By Mohja Kahf
It Came to This
For Kurdish rights in Syria
For Kurds stripped of citizenship since 1963
stripped of their land their language their names
whipped by the Arab Belt of the Baath
no economic justice no equality no
dignity for prisoners of conscience in Syria
families of prisoners assemble on the curb
outside the Justice Building in Damascus
for Tal Malouhi, 17, imprisoned for a poem
for a word for an essay for a blog
no charge no warrant no
redress and no recourse
for Raghda Hassan, imprisoned for her novel manuscript
her ten-year-old son on the curb beaten at the vigil
no charge no warrant no
accountability of government
its rubber-stamp parliament
its executive all powerful for life
its security branches all powerful
all seventeen of them
its Mr. Ten Percent lining his pockets
the Assad family plundering the country
Continue reading “How it came to this”
Tunisia has been very dear to my heart since I went there in the spring of 2013, just two years after its uprisings, an event that shook the world. Although I’ve not been back in the three years since that memorable visit, I’ve followed Tunisian events with great interest from afar. I was thus thrilled to have the opportunity to interview the Tunisian scholar Nadia Marzouki when she was in Denver last month.
Marzouki, a Research Fellow at the Centre national de la recherche scientifique (CNRS) in Paris, is the author of L’Islam, une religion américaine? (Islam, An American Religion?) and co-editor of two books: Religious Conversions in the Mediterranean World (with Olivier Roy) and the forthcoming Saving the People: How Populists Hijack Religion (with Roy and Duncan McDonnell). Continue reading “Revolution, Reform or Restoration? Nadia Marzouki on Tunisia Today”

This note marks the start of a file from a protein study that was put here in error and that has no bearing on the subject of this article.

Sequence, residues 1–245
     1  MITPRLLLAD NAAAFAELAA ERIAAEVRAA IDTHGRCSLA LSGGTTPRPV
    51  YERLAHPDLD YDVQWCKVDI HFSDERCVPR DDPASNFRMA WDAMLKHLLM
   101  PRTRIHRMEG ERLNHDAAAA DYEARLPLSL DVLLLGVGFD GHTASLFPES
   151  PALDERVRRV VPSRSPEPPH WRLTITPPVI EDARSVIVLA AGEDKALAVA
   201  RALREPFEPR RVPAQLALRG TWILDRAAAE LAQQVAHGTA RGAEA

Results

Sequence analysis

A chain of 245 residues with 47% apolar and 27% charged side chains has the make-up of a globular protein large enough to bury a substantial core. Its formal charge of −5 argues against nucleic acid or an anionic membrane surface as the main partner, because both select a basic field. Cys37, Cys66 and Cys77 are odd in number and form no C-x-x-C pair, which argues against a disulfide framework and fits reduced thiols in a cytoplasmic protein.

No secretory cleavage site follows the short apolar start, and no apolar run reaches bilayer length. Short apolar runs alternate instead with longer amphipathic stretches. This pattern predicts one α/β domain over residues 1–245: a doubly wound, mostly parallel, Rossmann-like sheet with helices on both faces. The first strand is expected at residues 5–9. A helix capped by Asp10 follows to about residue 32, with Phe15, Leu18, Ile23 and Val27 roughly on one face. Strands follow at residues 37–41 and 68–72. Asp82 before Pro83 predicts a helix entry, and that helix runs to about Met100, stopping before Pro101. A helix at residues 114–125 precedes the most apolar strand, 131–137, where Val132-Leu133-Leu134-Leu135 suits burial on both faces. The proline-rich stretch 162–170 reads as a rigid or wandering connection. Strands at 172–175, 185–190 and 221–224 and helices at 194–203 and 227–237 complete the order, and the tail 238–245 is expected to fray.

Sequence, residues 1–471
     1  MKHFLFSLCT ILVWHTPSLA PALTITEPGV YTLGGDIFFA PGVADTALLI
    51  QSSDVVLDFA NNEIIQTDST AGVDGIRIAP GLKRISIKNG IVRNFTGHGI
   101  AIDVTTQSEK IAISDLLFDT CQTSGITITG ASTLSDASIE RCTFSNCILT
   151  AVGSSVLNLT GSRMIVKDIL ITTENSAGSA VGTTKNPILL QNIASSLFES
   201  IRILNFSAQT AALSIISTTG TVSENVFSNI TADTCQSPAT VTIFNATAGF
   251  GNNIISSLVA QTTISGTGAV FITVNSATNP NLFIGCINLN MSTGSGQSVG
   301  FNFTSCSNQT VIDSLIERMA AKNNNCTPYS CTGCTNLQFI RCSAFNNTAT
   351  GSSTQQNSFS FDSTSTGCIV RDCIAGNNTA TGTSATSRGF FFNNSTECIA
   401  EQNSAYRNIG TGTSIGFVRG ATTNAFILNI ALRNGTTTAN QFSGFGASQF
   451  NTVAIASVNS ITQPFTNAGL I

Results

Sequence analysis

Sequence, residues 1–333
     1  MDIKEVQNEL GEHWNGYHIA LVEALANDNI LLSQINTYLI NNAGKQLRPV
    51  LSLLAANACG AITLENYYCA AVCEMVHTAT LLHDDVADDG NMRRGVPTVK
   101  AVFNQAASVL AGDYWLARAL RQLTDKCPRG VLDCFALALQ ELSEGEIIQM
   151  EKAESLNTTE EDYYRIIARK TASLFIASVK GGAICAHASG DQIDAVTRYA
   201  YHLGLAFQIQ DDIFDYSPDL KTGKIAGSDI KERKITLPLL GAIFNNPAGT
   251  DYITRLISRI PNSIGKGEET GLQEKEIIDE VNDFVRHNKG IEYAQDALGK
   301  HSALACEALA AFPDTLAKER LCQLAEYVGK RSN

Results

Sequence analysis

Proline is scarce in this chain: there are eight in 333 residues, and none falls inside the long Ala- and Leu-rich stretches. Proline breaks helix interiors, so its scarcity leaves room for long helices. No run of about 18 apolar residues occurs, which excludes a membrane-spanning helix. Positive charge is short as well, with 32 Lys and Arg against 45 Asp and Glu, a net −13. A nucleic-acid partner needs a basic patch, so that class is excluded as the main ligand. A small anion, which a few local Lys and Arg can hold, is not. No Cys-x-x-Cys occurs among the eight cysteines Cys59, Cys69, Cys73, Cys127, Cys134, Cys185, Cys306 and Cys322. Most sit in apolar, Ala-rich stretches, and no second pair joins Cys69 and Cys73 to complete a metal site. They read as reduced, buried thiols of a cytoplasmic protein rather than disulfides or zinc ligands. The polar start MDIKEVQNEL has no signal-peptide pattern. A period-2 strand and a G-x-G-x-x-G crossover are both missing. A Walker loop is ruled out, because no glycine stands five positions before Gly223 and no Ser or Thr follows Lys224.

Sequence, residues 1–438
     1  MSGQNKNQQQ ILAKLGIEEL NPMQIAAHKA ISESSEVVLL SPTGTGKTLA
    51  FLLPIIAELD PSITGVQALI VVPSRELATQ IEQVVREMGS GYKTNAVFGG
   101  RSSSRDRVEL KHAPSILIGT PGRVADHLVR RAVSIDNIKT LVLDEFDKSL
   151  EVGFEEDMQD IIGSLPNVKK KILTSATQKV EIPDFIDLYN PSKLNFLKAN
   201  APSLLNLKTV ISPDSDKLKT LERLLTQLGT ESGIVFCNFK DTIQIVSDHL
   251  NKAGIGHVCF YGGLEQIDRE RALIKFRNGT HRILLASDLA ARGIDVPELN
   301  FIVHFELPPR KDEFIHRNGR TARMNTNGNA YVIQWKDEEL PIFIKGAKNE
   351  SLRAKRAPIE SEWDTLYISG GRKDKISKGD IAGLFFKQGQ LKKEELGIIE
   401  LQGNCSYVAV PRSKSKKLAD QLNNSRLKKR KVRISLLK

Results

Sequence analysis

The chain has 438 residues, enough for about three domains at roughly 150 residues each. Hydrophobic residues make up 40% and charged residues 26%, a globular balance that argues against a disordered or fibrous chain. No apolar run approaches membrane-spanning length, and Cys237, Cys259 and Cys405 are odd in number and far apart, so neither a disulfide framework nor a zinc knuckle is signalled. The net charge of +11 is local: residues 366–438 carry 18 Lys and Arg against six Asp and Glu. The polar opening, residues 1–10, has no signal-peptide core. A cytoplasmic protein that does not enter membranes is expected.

What follows is a series of variations on Yassin al-Haj Saleh’s observation that “Syria is a metaphor for a global crisis of representation.” It describes aspects of the present situation of the Syrian revolution, a process of tremendous strength and courage that has been rendered almost illegible in the West. It also looks from the present to possible futures, which are necessarily speculative, in order to pose three questions for discussion.
By Stephen Hastings-King
Note: This is a revised version of a presentation I made at Hamisch, the Syrian Cultural House in Istanbul, on October 16, 2015. I would like to thank the comrades of Hamisch for their hospitality and for the chance to make something new. Then as now, my hope is to contribute to a widening of conversations about the Syrian revolution and the ways in which the struggles of the Syrian people are interconnected with global struggles for basic human dignity.
Where I am from there is no political future. There is only repetition of the same. The present is a ubiquitous horizon. Only the details will vary.
Where I am from the future has been privatized. People worry about their children.
We need to make new significations, ways of thinking beyond the horizon of the present.
What follows is a series of variations on Yassin al-Haj Saleh’s observation that “Syria is a metaphor for a global crisis of representation.” It describes aspects of the present situation of the Syrian revolution, a process of tremendous strength and courage that has been rendered almost illegible in the West. It also looks from the present to possible futures, which are necessarily speculative, in order to pose three questions for discussion. Continue reading “The Syrian Revolution and the Project of Autonomy”
by Tariq Ali
A joyous night in Cairo. What bliss to be alive, to be an Egyptian and an Arab. In Tahrir Square they’re chanting, “Egypt is free” and “We won!”
The removal of Mubarak alone (and getting the bulk of his $40bn loot back for the national treasury), without any other reforms, would itself be experienced in the region and in Egypt as a huge political triumph. It will set new forces into motion. A nation that has witnessed miracles of mass mobilisations and a huge rise in popular political consciousness will not be easy to crush, as Tunisia demonstrates.
Arab history, despite appearances, is not static. Soon after the Israeli victory of 1967 that marked the defeat of secular Arab nationalism, one of the great Arab poets, Nizar Qabbani wrote:
Corn ears of the future,
You will break our chains.
Kill the opium in our heads,
Kill the illusions.
Don’t read about our suffocated generation,
We are a hopeless case,
As worthless as a water-melon rind.
Don’t read about us,
Don’t ape us,
Don’t accept us,
Don’t accept our ideas,
We are a nation of crooks and jugglers.
Corn ears of the future,
You are the generation that will overcome defeat.
How happy he would have been to seen his prophecy being fulfilled.
Continue reading ““Egypt is free” and “We won!””